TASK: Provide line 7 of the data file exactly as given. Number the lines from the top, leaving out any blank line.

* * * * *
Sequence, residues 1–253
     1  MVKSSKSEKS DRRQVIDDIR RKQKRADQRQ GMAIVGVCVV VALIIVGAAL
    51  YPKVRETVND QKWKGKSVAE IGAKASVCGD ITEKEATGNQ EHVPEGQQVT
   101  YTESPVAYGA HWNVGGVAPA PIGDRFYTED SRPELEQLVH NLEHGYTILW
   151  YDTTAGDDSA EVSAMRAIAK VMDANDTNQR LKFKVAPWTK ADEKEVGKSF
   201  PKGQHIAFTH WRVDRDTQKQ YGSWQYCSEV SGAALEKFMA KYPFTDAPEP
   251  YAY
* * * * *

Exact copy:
   251  YAY